Even more apparent, however, is the literary legacy that shaped Bonds’s vocal music. “Credo” is based on W. E. B. Du Bois’s work of the same name, which built on Du Bois’s view of the world and the people who lived in it—both in America and Europe. Even more productive was Bonds’s relationship with her contemporary Langston Hughes. As a disillusioned Northwestern student struggling with segregation and racism, Bonds found a copy of Hughes’s “The Negro Speaks of Rivers,” a poem that became her life raft at a critical time. Her setting of the poem became one of Bonds’s first published pieces. 

Years after indirectly meeting Hughes, Bonds met the poet in real life. The two immediately clicked. Their Christmas cantata, “The Ballad of the Brown King,” was dedicated to Balthazar, centering the one demonstrably Black figure in the Nativity story. After a short version of “Ballad” premiered in 1954, Bonds revised the score for a full orchestration that was broadcast by CBS in December of 1960. The reach of this performance was galvanizing for its creators. “Trillions of people here saw the CBS broadcast,” Bonds wrote to Hughes the following year. “This is important to them. Your work and my work is vitally important to them—and our work is ourselves.”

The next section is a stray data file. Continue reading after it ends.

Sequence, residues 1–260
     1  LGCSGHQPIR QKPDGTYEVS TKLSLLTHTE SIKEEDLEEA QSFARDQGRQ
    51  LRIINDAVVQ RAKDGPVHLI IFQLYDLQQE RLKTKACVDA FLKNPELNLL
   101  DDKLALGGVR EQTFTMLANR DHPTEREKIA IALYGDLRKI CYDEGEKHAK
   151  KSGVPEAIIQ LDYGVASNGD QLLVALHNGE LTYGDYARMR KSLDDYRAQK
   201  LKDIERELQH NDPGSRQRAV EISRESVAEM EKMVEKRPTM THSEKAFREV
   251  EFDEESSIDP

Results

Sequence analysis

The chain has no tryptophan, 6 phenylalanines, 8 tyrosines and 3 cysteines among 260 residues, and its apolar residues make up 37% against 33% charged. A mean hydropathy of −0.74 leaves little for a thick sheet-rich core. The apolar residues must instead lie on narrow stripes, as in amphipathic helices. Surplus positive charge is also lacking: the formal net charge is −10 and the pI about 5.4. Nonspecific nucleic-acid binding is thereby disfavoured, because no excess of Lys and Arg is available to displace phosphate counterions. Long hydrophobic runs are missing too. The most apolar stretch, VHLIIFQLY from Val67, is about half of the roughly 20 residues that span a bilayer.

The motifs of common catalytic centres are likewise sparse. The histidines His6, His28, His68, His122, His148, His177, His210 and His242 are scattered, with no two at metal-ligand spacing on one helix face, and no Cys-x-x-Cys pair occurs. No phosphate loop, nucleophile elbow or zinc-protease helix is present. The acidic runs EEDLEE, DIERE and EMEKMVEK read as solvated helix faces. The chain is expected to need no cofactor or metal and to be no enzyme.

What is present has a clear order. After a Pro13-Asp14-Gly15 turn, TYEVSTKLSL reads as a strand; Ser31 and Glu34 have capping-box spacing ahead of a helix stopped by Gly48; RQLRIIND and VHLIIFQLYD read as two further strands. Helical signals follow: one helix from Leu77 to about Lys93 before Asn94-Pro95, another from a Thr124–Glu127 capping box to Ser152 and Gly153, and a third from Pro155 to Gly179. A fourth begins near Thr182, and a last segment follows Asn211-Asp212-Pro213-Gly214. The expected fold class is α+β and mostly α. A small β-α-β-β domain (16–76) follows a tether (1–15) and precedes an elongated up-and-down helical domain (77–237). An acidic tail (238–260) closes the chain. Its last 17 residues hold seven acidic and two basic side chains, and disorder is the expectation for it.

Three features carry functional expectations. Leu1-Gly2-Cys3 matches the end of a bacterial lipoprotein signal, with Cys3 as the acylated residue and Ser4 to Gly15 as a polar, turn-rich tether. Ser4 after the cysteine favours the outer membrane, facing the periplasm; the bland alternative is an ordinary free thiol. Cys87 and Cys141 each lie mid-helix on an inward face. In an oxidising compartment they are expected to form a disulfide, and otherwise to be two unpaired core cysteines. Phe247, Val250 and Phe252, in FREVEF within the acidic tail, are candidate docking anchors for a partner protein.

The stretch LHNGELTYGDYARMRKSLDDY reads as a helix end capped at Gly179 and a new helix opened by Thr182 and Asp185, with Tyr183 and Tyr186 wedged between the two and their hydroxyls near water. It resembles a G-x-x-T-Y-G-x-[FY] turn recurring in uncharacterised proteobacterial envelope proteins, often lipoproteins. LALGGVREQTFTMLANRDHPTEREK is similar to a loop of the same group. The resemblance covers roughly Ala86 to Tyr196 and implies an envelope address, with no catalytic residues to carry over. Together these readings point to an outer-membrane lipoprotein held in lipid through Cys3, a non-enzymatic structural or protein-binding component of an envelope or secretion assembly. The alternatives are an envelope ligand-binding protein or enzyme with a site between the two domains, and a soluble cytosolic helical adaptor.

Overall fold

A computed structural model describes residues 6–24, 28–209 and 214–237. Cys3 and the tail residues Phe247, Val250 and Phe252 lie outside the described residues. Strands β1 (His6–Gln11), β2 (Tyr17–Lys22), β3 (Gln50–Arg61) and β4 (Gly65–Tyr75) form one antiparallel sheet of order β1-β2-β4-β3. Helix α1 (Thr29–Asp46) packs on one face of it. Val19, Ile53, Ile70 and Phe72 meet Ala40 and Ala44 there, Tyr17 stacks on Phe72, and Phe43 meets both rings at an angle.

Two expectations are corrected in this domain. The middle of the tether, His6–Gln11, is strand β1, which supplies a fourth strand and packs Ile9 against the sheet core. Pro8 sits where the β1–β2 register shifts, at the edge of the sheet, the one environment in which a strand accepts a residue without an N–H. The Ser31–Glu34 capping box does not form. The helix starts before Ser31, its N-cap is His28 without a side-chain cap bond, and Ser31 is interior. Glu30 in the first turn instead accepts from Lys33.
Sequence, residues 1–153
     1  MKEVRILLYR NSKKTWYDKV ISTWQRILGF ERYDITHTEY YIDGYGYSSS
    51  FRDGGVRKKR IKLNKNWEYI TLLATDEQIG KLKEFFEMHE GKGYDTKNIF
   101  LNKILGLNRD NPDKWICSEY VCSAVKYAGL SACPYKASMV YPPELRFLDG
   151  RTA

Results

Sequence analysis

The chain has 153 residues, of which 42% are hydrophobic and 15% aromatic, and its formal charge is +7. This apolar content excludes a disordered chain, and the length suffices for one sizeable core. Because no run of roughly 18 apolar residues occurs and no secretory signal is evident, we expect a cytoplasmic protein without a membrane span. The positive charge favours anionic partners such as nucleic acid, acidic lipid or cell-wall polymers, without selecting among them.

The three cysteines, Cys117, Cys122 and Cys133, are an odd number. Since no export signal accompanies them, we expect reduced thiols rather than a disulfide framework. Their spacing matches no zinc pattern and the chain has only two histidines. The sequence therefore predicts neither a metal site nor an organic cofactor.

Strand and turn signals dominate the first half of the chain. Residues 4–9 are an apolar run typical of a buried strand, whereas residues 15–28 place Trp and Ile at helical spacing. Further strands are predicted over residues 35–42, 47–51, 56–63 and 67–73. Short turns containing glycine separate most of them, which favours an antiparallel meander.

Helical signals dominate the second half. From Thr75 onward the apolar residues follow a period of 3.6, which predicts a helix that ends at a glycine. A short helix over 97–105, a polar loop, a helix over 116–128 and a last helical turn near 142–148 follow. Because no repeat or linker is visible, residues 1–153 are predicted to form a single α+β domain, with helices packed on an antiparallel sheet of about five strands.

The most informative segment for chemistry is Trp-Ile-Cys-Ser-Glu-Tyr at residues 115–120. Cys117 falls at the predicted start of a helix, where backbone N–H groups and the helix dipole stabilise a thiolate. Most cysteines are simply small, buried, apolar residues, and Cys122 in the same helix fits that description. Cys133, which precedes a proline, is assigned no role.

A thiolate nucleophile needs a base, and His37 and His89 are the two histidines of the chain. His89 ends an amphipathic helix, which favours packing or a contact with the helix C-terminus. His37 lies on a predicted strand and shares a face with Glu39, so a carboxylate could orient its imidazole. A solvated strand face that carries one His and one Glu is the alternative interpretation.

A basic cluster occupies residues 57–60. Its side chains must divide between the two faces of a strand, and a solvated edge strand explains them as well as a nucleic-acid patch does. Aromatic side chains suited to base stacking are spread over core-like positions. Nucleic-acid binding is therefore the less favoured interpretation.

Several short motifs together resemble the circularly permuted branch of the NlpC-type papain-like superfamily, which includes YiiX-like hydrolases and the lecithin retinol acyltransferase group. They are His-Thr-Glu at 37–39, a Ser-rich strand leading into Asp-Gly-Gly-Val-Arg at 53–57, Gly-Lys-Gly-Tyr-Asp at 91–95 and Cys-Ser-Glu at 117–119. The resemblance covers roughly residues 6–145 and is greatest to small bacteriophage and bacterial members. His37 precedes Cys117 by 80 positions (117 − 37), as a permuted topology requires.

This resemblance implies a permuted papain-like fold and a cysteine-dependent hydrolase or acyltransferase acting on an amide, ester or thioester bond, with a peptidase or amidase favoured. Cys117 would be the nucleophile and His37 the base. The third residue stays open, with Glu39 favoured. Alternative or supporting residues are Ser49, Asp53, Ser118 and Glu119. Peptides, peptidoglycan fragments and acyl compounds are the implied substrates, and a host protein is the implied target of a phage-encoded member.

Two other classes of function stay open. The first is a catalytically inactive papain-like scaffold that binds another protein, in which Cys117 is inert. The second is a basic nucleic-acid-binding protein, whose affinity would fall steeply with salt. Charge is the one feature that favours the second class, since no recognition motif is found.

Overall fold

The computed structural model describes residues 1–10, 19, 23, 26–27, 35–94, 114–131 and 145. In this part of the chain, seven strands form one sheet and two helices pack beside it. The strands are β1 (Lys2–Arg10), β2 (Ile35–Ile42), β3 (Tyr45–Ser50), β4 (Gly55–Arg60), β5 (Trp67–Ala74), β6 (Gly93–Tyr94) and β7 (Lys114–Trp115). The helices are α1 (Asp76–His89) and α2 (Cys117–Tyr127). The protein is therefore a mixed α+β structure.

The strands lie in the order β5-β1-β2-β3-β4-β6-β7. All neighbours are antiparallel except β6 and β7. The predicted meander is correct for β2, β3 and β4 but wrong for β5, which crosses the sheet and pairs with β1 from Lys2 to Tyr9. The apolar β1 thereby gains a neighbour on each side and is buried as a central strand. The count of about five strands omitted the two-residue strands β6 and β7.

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A few years later, Bonds and Hughes were working on a follow-up of sorts, the “St. Matthew Passion” to the “Christmas Oratorio” of “Ballad.” But “Simon Bore the Cross” didn’t have the same lasting legacy as its predecessor—it wasn’t performed or published in Bonds’s lifetime. The score was considered lost until it was “discovered” in 2014. The five-minute prelude for orchestra and organ is a chamber drama; you almost need to hit pause before going into the first vocal excerpt, which sets off the story of Simon of Cyrene, another Black man central to the life of Christ, this time the man who carried his cross to the crucifixion site. The shades of Bach give way to a sweeping evocation of Americana, clearing prairies, plains, and deserts that suits the story like a custom-made glove. Here is a familiar story, reframed from a less-familiar point of view. Now, we hear it within the circles that Bonds and Hughes lived and worked.